UK Native Species Spotlight #3 The Atlantic Puffin

in #animals4 years ago (edited)

There are three different puffin species the Atlantic, Horned and Tufted. Roughly 10% of all Atlantic Puffins can be found on the British Isles, the remaining 90% are present in coastal areas of North-Western Europe, Island chains within the Arctic Circle and North-eastern parts of Canada and the United States.

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General Information & Behaviour



They can live for up to 20 years, most of their lifespan is spent out at sea. They return to coastal islands and rocky outcrops for 3-4 months during the breeding season, aside from the breeding season Atlantic Puffins live a completely solitary existence out at sea.

They only return to land for the breeding season, due to the large expanse of the Northern Atlantic and their solitary lifestyle it is very difficult to attain whether Atlantic Puffins are monogamous like many other Seabirds or whether they’re just opportunistic in their search for a partner.

Puffins are best known for their iconic brightly coloured bill, they shed their bills annually, during the winter months their bill is a duller greyish red, it is also smaller in size than the previous bill, the brightly coloured plates will not return until the Puffin has aged another 2-3 months, this normally occurs during the breeding season.

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Puffins are not efficient Birds when it comes to flying,

they can however reach speeds of up to 55MPH by rapidly beating their wings at over 400 beats per minute at low altitude, Puffins are much more at home forever riding on the Oceans waves, this is where they spend most of their time which is adequate as 100% of their diet is made up of Fish and Marine Invertebrates, luckily their underwater “flying” ability is much more efficient, they are able to swim at speeds of up to 40MPH and dive to depths of over 200 feet.

The UK resident Atlantic Puffins rely almost entirely on Sand Eels to feed their chicks during the breeding season. This may have something to do with the Puffins skills as a fisherman, the Atlantic Puffin can hold as many as 10 Sand Eels in its bill at a time, they achieve this feat by pushing the fish into their top palette which is lined with small spines thus allowing them to hold multiple fish whilst foraging for more, this method of gathering eliminates the need for the Puffin to regurgitate for their offspring.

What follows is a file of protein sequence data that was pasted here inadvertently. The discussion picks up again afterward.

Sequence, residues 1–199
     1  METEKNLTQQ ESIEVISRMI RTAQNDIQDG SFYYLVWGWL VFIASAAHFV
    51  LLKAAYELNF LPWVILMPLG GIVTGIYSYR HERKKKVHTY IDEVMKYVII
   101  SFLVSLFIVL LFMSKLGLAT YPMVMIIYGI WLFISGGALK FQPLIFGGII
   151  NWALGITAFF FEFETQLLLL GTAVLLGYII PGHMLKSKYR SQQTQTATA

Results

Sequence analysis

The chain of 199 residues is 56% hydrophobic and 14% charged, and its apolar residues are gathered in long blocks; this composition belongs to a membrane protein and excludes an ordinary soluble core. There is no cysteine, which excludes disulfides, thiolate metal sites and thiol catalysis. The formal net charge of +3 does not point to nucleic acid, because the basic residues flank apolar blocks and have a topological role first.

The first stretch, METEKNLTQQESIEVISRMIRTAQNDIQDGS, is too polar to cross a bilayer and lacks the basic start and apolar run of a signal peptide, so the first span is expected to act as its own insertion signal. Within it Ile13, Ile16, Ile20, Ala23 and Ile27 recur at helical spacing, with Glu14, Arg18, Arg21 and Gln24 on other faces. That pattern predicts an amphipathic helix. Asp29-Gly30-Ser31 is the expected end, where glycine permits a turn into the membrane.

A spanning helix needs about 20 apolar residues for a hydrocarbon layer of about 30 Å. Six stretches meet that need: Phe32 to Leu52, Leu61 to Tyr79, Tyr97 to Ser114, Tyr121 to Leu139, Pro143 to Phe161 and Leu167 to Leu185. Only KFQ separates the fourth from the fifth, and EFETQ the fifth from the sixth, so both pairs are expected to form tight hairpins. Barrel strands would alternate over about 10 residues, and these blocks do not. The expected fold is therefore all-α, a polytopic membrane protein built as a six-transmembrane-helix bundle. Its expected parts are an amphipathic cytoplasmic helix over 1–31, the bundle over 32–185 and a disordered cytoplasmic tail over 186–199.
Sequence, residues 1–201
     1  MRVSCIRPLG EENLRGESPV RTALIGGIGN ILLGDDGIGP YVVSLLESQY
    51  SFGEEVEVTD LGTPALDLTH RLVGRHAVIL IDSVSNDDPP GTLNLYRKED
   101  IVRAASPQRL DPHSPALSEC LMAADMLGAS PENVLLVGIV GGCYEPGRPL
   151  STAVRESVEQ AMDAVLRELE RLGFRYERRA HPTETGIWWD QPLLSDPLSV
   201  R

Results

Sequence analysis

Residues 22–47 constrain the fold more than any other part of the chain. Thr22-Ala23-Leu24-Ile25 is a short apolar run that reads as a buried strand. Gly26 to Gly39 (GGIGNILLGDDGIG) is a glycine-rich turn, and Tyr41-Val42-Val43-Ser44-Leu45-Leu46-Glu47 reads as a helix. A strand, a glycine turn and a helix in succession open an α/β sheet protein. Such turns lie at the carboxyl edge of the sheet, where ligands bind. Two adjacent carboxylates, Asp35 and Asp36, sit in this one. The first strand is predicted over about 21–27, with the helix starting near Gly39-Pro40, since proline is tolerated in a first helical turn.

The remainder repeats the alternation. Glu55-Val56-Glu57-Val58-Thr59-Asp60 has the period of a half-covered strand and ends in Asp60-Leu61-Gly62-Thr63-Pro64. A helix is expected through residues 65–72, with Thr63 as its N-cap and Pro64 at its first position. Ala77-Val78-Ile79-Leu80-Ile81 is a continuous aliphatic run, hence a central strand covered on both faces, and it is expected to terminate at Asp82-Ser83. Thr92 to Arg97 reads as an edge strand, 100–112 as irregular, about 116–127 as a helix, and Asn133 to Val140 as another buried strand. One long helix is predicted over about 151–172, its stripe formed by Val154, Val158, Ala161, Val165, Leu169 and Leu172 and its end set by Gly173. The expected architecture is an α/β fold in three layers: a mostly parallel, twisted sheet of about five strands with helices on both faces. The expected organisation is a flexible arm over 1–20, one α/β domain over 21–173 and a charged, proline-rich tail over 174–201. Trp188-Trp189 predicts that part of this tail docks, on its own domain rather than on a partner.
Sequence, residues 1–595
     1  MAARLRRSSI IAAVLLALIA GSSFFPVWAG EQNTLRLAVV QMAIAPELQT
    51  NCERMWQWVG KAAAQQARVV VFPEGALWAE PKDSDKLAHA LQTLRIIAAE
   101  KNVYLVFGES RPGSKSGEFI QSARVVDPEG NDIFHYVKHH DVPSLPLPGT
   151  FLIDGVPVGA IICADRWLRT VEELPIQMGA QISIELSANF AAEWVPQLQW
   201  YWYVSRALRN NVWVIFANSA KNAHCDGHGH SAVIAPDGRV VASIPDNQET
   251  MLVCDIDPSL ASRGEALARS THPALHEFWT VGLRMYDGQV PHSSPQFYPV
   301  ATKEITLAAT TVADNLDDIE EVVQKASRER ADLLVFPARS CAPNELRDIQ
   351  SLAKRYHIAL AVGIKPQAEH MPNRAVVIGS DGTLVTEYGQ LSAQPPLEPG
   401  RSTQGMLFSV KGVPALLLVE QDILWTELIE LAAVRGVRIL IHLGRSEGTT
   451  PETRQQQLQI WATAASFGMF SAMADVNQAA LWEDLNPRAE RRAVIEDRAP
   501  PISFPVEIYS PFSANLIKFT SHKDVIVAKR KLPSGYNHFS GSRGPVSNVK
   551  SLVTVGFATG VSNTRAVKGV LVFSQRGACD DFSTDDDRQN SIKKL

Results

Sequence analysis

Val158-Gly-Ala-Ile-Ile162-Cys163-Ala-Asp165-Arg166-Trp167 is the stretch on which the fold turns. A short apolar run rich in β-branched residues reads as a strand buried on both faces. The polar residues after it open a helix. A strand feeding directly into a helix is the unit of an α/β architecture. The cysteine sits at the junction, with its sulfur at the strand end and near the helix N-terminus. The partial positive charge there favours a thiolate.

Puffin chicks are referred to as Pufflings, they generally fledge between 45 and 60 days, when they’re ready to fledge they take to the vast Ocean without their parents, they won’t return to land for another 2-3 years when they are ready to breed, like most Seabirds, they return to their location of birth.

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Puffins in the UK


In the UK, the RSPB observed that throughout the British Isles there were approximately 580,977 breeding pairs as of 2016, in any group of animals this is considered a stable breeding population, though their numbers have been declining steadily over the previous few decades with some researchers predicting that European Puffin populations may fall by as much as 50-79% over the next 40 years, another detrimental factor is that over 50% of the UK’s breeding Puffins belong to just 2-3 locations making them vulnerable to isolated location issues, as such they are considered a Red list species.